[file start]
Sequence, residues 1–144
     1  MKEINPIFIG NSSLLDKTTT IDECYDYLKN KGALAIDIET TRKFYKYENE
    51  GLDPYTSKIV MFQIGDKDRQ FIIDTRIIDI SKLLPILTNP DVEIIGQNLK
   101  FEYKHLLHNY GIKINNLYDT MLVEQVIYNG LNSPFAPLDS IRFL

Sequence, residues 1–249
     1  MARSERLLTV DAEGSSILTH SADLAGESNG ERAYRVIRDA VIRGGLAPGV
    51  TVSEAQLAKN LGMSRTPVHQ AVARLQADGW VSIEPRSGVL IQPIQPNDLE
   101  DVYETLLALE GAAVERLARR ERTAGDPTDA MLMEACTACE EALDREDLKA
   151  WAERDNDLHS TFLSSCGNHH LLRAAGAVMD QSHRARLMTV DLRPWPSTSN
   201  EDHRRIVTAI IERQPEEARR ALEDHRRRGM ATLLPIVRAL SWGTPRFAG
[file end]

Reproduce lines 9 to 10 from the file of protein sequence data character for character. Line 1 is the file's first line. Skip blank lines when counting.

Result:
   151  WAERDNDLHS TFLSSCGNHH LLRAAGAVMD QSHRARLMTV DLRPWPSTSN
   201  EDHRRIVTAI IERQPEEARR ALEDHRRRGM ATLLPIVRAL SWGTPRFAG